Metallica are producing records and tours with great success after 30 plus years. Iron Maiden are arguably the biggest heavy rock act still creating music and touring after 44 years and 16 albums….the world’s greatest rock n roll band, The Rolling Stones, are the oldest touring/recording act for over 50 years!
The Who famously exclaimed ‘Rock is dead they say…Long Live Rock!’ Every band that forms with the aspiration to be the next big thing has a long hard road ahead to be sure. But with newer acts on the visible horizon who is to really say that an era is ending. The classic rock era may be in twilight but whatever we call the next chapter it will probably rock us all.
In this new hardcover from Apollo publishing, the domestic lives of rock stars are exhibited. This is a nicely laid out coffee table affair with fine photographic images of many of the world’s most famous music stars from the past 50 years. A total of 176 pages. Lists for $24.95.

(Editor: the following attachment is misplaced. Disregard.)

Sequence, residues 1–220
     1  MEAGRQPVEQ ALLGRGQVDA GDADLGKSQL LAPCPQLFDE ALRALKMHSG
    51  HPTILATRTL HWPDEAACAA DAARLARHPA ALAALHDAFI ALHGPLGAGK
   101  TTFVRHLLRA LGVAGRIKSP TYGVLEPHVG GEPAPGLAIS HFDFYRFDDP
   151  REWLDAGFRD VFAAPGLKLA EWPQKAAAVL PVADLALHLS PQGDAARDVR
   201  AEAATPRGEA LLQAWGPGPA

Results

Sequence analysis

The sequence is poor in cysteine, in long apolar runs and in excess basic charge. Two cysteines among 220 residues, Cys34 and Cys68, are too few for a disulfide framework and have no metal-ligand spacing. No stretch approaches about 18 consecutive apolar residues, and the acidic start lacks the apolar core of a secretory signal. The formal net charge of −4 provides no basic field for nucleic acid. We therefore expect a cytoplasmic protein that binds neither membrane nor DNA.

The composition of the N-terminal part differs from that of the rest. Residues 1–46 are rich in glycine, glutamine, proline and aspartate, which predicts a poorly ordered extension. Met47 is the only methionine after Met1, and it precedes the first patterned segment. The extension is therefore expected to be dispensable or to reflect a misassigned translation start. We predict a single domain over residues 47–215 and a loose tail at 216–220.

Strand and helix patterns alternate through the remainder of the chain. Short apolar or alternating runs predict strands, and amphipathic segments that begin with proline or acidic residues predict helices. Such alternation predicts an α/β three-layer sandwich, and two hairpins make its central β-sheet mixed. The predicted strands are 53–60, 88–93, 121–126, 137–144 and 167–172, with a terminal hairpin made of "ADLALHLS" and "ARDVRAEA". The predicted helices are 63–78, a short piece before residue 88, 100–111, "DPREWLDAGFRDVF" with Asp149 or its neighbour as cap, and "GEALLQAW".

For the fan and non-fan alike. The histories of various properties like Cotchford Farm, former home of Winnie-the-Pooh author A.A. Milne which became the estate of then Rolling Stone founder Brian Jones. The material within is quite a page turner. You get to find out what became of their homes after they died or whether they just left to live elsewhere.
There are essays by:
Chris Charlesworth (Melody Maker; Omnibus Press).
Eddi Fiegel (The Telegraph; The Guardian).
Colin Salter (The Definitive Illustrated Encyclopedia of Rock).
Daryl Easlea (Music Journalist and author of Books about Michael Jackson and Peter Gabriel).
Bryan Reesman (Entertainment Journalist).
Simon Spence (BBC, NME) music journalist and author.
A survey of stars including Frank Sinatra, Chuck Berry, Elvis Presley, Bob Dylan, Paul McCartney, Ike & Tina Turner, Jimi Hendrix, Rod Stewart, David Bowie, Prince, Elton John, Joni Mitchell, Neil Young, Keith Moon, The Allman Brothers, Noel Gallagher, Debbie Harry, Barry Gibb, Michael Jackson, The Jacksons, Freddie Mercury, Motley Crue, Ozzy Osbourne, and many others.
The material presented here is well organized. Essays precede each group of artists. Titled in order of appearance: Through The Keyhole, Psychedelic Suburbia, The Laurel Canyon Scene, Haunted Houses & Magic Mansions, All Aboard The Starship, Punk Digs & Dives, Out Of View, Islands & Exiles, Riot On Sunset, Last Known Abode, Musical Playgrounds, Mysterious & Spooky, and Colorfully Enhanced Cribs.